• fussing and fiddling

So how do we deal with the foreground?

So what to do? What colour should we make it? Or what intensity or temperature? How dark or light? 

How do we make sure the foreground doesn’t block us from moving into the picture? 

We’re often given formulas – paint foregrounds warmer, darker, brighter, with hard edges, with detail. But what about when the foreground needs to be cool or light? Or of low intensity? Or filled with soft edges?

Remember that the viewer’s eye will usually go to the area of greatest contrast in a painting. This is where the focal point is often located. Contrast in value is the most noticeable, but contrast in colours, shapes, colour temperature, details, edge, or textures can also be the thing that attracts the viewer’s eye. This means we don’t want this kind of contrast to happen in the foreground (unless that’s where the focal point is).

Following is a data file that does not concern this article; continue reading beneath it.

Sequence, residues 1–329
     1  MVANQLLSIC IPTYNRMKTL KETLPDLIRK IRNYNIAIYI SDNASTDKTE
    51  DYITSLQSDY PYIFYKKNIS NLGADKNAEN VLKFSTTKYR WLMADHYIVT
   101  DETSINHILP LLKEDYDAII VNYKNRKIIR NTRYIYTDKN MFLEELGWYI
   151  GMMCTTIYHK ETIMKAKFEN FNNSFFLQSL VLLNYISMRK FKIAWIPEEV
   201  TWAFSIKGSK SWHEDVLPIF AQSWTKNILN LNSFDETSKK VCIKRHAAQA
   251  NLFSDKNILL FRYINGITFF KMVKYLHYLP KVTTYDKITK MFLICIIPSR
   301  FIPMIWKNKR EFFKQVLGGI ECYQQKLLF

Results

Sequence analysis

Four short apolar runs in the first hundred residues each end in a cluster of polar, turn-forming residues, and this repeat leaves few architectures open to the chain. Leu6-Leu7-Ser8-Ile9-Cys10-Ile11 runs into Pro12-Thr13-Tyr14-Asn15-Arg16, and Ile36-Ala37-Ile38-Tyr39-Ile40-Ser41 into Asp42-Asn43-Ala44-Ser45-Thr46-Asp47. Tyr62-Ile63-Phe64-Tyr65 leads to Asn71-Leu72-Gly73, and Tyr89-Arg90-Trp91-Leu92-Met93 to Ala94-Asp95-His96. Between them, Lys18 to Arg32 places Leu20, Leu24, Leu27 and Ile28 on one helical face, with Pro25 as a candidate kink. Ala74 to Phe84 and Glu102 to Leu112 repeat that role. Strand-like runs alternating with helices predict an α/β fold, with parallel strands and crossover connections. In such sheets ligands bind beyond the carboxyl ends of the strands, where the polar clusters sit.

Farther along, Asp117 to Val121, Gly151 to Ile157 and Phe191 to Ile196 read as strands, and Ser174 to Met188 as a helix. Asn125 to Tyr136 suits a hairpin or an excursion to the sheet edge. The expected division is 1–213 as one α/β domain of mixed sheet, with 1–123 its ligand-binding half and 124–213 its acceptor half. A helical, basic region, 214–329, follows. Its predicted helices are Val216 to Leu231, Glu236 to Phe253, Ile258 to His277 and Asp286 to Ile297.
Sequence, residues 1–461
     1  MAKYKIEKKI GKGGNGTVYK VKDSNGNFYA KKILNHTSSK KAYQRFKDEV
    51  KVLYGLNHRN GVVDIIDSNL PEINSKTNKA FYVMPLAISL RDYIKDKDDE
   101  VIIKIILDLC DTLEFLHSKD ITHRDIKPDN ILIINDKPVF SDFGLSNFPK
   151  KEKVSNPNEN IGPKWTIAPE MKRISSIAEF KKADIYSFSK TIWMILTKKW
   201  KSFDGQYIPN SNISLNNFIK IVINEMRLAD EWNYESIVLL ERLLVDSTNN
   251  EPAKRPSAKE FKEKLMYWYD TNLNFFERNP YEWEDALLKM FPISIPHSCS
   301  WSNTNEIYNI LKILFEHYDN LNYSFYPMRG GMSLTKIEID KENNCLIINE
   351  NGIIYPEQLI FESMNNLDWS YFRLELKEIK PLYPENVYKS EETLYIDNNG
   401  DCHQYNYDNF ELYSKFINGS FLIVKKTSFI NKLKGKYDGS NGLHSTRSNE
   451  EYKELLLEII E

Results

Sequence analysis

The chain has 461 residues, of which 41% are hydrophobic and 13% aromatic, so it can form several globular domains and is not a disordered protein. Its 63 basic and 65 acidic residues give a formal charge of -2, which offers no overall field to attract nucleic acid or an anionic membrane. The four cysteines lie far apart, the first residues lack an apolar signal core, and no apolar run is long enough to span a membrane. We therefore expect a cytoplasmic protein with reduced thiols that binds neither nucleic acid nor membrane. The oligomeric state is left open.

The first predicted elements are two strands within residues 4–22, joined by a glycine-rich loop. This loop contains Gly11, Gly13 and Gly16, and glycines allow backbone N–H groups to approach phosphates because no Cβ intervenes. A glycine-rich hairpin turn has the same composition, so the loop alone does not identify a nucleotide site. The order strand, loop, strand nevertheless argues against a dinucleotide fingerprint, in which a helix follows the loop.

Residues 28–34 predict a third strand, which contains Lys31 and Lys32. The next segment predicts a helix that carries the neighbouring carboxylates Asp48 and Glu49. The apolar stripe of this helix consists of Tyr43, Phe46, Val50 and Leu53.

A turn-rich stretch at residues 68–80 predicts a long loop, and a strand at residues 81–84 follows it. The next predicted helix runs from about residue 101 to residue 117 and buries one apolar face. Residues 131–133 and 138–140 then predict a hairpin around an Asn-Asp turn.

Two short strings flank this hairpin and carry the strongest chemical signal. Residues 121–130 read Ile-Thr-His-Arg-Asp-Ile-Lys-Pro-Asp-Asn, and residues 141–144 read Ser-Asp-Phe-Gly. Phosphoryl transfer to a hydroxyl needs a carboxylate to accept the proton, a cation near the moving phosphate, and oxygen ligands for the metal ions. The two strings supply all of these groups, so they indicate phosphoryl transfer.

So how do we make sure a viewer easily enters the painting?

Usually keeping things simplified in the foreground is the best idea. Think “big shapes” for instance. 

Another good idea is to keep the value the same (whatever the value decision is) while making it interesting by changing the hue or temperature of the colours. 

Let’s have a look at the piece I did that illustrates how I deal with the foreground.

First the reference photo from a walkabout on Salt Spring Island. I was exploring location possibilities for Richard McKinley’s workshop (you can read my experience here) with Michele and Christine. I love the colour of the September grasses!

Deal with the foreground: reference photo
Reference photo
Deal with the foreground: My thumbnail in pencil. Darks are in figures and background and under the closer trees.
My thumbnail in pencil. Darks are in figures and background and under the closer trees.
Deal with the foreground: First layer on with light, middle, and dark value areas blocked in.
First layer on with light, middle, and dark value areas blocked in.
Deal with the foreground: Starting to build my layers.
Starting to build my layers.
Deal with the foreground: The main large areas are pretty much done!
The main large areas are pretty much done!